• Comment number 38.

    Welcome back, Nick, pleased to see you off the fence. (The one that leans slightly to the left.)

    There are times when our chosen ones acting within ‘the rules’ so obviously shaft Joe Public that journalists and politicians alike have to raise their hands in admission.

    Flash produced an arm-up-the-back gesture today, calling for a review of MPs’ pay and allowances. A populist and useless call, seeing as any inquiry is unlikely to begin until autumn and the results contained until after next year’s election.

    Where’s the problem with starting a review next week?
    It might not be politically convenient, but it could be a vote winner and Gordon’s Gang need all the prospective votes they can muster in these desperate times.

  • Comment number 39.

    At least we now know why McNulty consistently voted against any transparancy in parliament,He voted against six debates on freedom of information and expenses.I wonder how many more names will come out before Harriet's bill to hide MP's addresses for security reasons stops any more of her cabinet having to state that they have done nothing wrong I just claimed every penny whether I was entitled or not.

  • Comment number 40.

    This comment was removed because the moderators found it broke the house rules. Explain.

  • Comment number 41.


    I think that the worst aspect of this is that the wonderful Gordon, I will not walk on the other side, Brown has now asked for an inquiry. Accordingly, we can now expect any response to be I feel it inappropriate to comment until the inquiry which I have requested has reported.

    Smith and McNulty would resign if they weren't so engorged with power. This is disgusting. Every time that Brown even dares to say he feels the pain of those who have lost sons in wasteful wars in Iraq and Afghanistan literally makes me feel nauseous. There must not be an inquiry as requested by Brown, the ministers, both of them, must be sacked, only the man who sends soldiers to their deaths lacks any real guts. That is the problem with Brown, he is actually, despite his rhetoric, gutless and spineless, but worst of all so terribly weak.

  • Comment number 42.

    The BBC is so useless on politics, that I wouldn't bother to post here if it wasn't for the fact I have already been forced to pay for the service.

    In a free market Nick and BBC political news would long ago have ceased to be a going concern.

    Enjoy your captive audience while you can.

  • Comment number 43.


    Enough is Enough! The straw that broke this camel's back, and now I will say what everyone is really thinking.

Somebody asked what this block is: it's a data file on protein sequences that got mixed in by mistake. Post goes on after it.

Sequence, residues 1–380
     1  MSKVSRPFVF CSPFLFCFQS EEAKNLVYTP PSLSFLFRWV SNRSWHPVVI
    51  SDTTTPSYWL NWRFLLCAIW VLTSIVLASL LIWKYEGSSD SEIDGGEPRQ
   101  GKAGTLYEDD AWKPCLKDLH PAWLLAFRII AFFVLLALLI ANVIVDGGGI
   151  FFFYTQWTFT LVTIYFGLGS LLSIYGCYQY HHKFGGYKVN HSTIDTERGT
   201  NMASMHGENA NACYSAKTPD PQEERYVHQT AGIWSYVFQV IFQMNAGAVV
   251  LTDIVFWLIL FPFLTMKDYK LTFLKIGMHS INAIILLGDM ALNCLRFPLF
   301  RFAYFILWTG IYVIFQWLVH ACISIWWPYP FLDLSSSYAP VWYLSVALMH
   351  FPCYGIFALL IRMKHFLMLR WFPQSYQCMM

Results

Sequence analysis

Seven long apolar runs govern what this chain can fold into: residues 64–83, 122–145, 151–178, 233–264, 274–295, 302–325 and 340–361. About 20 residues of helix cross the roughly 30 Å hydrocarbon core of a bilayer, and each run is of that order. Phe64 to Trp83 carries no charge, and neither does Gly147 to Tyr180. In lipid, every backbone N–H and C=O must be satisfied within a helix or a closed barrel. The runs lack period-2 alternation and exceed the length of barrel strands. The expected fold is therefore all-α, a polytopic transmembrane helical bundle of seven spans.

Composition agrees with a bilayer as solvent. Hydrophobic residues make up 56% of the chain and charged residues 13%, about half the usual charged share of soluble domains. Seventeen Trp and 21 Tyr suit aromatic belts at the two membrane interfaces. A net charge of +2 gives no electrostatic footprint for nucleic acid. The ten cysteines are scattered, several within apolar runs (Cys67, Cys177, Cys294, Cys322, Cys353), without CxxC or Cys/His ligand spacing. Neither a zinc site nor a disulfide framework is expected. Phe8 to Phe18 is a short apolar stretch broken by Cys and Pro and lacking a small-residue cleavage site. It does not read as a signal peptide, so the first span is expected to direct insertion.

Caught in the act and red handed: (...of breaking a law? - well maybe.... We will see Mr McNulty), but of abusing office of behaving DIShonourably, absolutely. The public is being disrepsected by its own servant/s. Wasting our money, while preaching for restraint, double dealing and believing the public can be duped and will not stand up for itself.

    The government is a lame duck, dead man walking, you choose the metaphor.... Worse! this government is still in power, every day, every hour that passes, every minute, every second worsens our....your current condition AND your future.

    So, we have a choice. Yes we do!, because in this country we have a voice. (Brown will carry on like the captain of The Titanic, clinging to the wheel as we all drown.) The Government will not step down, but they are unelectable! Everybody knows it but nobody will say it. Check the odds at the bookies, they REALLY know it. Labour will be history at the next election.

    It is our job, my job, your job, to push - BUY EVERY POSSIBLE MEANS, for a General Election as soon as posible.

    This country, your country, is Economically in the worst condition since the depression.

    An Honourable Government would step aside. Honourable members of pariliament in Government would move for a Vote of no confidence in their own Prime Minister, but whips and spin prevent them (despite the fact that if they did.. publicly.. they may just preserve their own jobs!...) Can you persuade them?, can we?

    Every moment in the status quo worsens our future. Move for change NOW. Push through every possible channel for a General Election Now, soon, we CANNOT WAIT for 2010. Why should we? We should not, there is no reason.

    Lobby, Blog, Post, Talk, It really does not matter who you believe will win, Action NOW is required. If your party of choice is playing a political waiting game, believing that this Labour Government will allow them to win providing they wait and bide their time, then point out that this in itself is irresponsible as time is of the essence ; Implore and Plead for them to act- iT is their responsibility to be ready to help you and the country, through this crisis and away from the impotent government.

    You, we everybody can make a difference. Act NOW for a positive future!

  • Comment number 44.

    So you're trying to encourage us to believe that:

    a) Tony McNulty's done nothing wrong, and

    b) If he has done anything wrong, it's our fault for saying their pay should be so "low".


  • Comment number 45.

    #37 RachelBlackburn

    "Why weren't the number of Scottish MPs reduced when half their workload was taken away? "

    The number was reduced, but if you look at the reserved powers that are the only bits they have constituency responsibility for, then their workload was reduced by much more than half.

    While we know the reason for the current arrangements - Labour needs its Scots MPs to govern England, the current arrangements deny democracy both to England for its domestic affairs, and the UK (as long as it lasts).

    Vive L'Angleterre, Vive L'Angleterre libre.

  • Comment number 46.

    #45 oldnat


  • Comment number 47.